Of course I had to forget my camera on the day that Bradley cooked us all breakfast, so pardon the grainy images as I took them with my laptop. The breakfast treat started because his reading homework just happened to be a book about how to make pancakes. So Bradley thought it'd be great to go ahead and practice! We wholeheartedly agreed.

The pancakes were awesome, replete with syrup and fresh strawberries.
Mr. Finn suggested that Bradley's book for tonight be How to Make Pizza.

Saturday, January 9, 2010

Still Life with Watercolor

As we have grown as artists this year and last, I'm seeing a lot more attention to detail from the students. We've learned that good art takes time, so the rush to just 'get it done' is not prevalent anymore. Kids who didn't see themselves as artists are now gaining confidence and producing beautiful works.
The idea with this lesson that I found on my favorite art website is to use just one color, with differing gradations of saturation, avoiding the same tone next to each other.
Another difference that I've noticed is that the kids are more independent in their choices. It used to be that they would choose the same colors as their friends, or be highly influenced by someone in class that they admired. Now they seem comfortable being individuals as evidenced by the boys at this table who all chose different colors: Elijah with red, Dylan with green, Cody with traditional blue, and Brody with turquoise blue. The end results were beautiful and I've got to get a picture of them!


Since we only have three ferries a week in the winter, it's difficult for our guidance counselor, Ursula to visit, so she set up times to check in with the kids over Polycom. She goes to the high school and uses their system to connect to us. She did a talk on bullying, showed some videos and the kids did research on their own laptops then shared out what they discovered. Did you know that up to 25% of school students report being bullied with frequency? And that as many as 160,000 students may skip school on any given day because they're being bullied? Most schools have a zero tolerance policy for physical violence, but often verbal bullying is left to run rampant. Our kids talked about ways to avoid being bullied, to identify instances when they themselves might have bullied and statistics about the long term repercussions for people who have been bullied as well as the bullies themselves. Thanks to Ursula for sharing her expertise and being willing to work around our strange ferry schedule!

Just Had to Share

My happy thought for the day.

Friday, January 8, 2010

Gearing Up

I'm not the only person who thinks Frenchboro is a really special place. An anonymous donor gifted the students of Frenchboro money to buy sports equipment. Being able to have the kids decked out in proper hockey gear is a dream come true.
The kids were seriously psyched. They couldn't wait to put the pads and helmets on. Here's Saylor...making pink look tough.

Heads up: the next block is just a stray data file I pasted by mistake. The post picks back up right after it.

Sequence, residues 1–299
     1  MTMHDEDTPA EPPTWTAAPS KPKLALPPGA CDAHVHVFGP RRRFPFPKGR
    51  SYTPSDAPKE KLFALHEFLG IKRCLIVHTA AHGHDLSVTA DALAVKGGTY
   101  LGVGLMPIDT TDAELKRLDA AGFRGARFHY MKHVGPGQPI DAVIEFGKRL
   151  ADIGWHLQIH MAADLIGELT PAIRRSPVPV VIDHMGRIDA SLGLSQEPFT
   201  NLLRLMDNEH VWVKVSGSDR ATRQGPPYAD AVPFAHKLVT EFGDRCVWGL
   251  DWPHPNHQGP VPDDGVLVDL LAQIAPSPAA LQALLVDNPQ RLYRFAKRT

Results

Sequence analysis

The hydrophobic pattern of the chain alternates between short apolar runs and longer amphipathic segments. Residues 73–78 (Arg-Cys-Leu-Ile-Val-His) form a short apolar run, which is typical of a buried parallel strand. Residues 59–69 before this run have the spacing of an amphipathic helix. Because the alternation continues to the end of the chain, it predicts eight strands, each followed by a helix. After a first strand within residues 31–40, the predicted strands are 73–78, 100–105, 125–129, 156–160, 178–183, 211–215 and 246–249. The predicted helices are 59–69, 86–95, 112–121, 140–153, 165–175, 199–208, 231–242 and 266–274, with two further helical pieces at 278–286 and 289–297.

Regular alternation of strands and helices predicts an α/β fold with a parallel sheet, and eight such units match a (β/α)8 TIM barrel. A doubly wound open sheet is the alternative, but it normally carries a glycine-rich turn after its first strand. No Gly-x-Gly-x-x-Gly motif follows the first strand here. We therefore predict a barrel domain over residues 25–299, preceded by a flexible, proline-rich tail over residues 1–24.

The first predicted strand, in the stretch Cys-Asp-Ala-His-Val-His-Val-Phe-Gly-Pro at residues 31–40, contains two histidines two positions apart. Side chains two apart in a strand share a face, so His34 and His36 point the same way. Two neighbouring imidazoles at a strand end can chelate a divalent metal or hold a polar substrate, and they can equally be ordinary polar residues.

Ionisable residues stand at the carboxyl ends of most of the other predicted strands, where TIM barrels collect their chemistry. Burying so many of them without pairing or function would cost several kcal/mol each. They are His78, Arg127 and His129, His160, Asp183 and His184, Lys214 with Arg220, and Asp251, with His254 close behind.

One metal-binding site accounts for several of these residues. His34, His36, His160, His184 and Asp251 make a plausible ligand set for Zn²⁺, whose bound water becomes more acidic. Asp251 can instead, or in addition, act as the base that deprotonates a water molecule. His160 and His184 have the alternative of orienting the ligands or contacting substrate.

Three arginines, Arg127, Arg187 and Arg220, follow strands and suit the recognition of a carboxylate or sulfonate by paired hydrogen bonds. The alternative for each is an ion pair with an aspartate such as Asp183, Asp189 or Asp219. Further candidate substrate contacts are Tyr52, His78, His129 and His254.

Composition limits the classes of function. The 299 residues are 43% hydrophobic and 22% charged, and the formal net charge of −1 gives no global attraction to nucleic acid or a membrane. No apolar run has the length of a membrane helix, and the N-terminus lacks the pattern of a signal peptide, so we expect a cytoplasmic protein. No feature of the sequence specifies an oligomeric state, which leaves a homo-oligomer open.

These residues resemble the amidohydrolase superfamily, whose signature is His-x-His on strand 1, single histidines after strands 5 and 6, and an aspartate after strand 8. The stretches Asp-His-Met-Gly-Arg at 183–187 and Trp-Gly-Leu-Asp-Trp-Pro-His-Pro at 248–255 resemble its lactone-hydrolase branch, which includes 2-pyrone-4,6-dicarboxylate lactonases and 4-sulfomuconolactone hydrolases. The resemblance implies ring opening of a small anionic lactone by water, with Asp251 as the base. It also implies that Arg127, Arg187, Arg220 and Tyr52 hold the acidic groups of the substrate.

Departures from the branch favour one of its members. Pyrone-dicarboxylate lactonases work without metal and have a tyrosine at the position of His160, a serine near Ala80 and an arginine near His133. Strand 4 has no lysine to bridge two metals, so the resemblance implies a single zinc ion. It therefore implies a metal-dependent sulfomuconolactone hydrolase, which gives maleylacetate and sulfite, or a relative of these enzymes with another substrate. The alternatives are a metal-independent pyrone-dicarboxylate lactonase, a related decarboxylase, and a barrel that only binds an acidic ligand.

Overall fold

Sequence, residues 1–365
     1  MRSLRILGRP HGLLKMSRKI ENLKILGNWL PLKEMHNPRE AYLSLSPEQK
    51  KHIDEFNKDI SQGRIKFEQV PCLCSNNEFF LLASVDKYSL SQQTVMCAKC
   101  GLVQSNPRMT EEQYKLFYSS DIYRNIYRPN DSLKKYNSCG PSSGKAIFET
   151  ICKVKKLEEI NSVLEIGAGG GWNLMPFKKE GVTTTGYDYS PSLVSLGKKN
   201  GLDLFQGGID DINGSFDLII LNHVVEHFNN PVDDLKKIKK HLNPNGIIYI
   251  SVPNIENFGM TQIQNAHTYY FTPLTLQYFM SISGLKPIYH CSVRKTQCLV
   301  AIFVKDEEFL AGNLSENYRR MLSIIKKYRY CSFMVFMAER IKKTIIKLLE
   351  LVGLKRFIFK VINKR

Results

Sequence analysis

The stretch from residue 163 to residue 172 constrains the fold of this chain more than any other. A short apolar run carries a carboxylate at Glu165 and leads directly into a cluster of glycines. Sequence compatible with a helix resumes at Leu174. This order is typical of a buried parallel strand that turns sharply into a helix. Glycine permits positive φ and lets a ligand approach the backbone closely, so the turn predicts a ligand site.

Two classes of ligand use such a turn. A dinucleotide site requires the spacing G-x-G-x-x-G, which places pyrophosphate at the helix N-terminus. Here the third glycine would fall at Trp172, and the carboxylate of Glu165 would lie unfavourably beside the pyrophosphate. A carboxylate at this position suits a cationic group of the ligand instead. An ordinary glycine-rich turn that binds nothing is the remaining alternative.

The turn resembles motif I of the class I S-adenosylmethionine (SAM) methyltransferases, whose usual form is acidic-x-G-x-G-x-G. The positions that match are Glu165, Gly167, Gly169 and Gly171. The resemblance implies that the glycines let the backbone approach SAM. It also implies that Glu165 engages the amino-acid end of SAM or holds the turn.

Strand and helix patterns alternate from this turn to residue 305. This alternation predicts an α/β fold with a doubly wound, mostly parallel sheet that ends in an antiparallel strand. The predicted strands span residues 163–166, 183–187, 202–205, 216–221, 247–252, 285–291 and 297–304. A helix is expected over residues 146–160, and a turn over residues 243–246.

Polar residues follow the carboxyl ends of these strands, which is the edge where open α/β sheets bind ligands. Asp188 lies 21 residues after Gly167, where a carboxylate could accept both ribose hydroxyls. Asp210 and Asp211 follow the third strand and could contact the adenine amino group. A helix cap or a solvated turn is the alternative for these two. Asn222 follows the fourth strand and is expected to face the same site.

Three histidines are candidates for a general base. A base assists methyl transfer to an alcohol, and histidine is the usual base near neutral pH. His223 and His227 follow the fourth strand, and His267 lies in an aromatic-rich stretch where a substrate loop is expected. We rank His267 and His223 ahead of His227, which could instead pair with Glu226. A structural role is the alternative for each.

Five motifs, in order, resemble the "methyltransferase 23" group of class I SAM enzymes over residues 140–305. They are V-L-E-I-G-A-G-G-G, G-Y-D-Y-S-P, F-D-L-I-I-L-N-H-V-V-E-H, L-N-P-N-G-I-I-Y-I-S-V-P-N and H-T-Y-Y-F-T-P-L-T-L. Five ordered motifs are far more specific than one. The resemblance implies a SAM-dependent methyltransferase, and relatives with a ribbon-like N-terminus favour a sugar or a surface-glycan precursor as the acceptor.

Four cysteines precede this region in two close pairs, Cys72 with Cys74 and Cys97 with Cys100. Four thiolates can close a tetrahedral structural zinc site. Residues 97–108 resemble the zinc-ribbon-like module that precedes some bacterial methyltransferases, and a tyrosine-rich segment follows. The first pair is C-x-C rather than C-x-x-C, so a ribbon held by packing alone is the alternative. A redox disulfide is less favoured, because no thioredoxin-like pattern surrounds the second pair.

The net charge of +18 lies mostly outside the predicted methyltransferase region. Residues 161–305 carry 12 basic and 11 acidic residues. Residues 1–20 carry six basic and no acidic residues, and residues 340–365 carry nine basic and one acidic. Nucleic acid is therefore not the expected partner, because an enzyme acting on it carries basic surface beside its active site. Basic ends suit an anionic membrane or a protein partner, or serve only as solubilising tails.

Dylan and Myron: Show us your game face, boys!
Along with the protective gear, there was enough left over for sticks, goals and skates. The ice was beautiful just before winter break and we were out playing hockey every day...sometimes playing once during school and then down again for more hockey after school. Unfortunately, we lost the good ice for a while due to a thaw, but now it's refrozen-a little bumpy, but we're going out today for gym class for our first game of the new year!

Pen Pal

We have a pen pal. Her name is Carol and she lives in Australia. Carol has always had a special place in her heart for Maine, and she happened to catch the Oprah episode about Frenchboro, so she decided to write a letter to us. Around Christmas time, she sent us a couple packages with special gifts like an Australian flag, stickers, even a calendar. When she writes to us, she always includes interesting details about her country, and since we are practicing our mapping skills in Social Studies, all the information is very helpful. It just so happens that I have a special place in my heart for Australia as well since I lived there for six months as an exchange student. I hope the kids in Frenchboro School take advantage of any opportunites they have to travel the world as it's incredible experience to learn about different places and cultures. Hi Carol! Thanks!

Saturday, January 2, 2010

Happy New Year

Every time I log on to this site, I smile. It's that photo of all the kids standing on the porch. I marvel at how they've changed in the course of the year and a half that I've been privileged to know them. And they're so darned cute, aren't they? All those unique personalities. Sometimes I hear their voices in my head, usually a funny comment that they've shared or that I've overheard. I'll be minding my own business, working on something, maybe reading a book and in will pop things like, "Look at me! I'm a crazy elf!" or "Oh. Poo." Kids are just so hilarious, much more so than adults...maybe it's the spontaneity, or what goes for a normal conversation between five year olds. Our neice is that kind of kid. She was outside playing with her mom and they found a toad. She came racing in to exclaim to her brother, "Ben, Ben! We found a turd!!" I mean. How can you not fall over laughing at that? I hear her voice, too, for sure. Here's to all the little people, may we appreciate them for all their special gifts...and their unique command of the English language.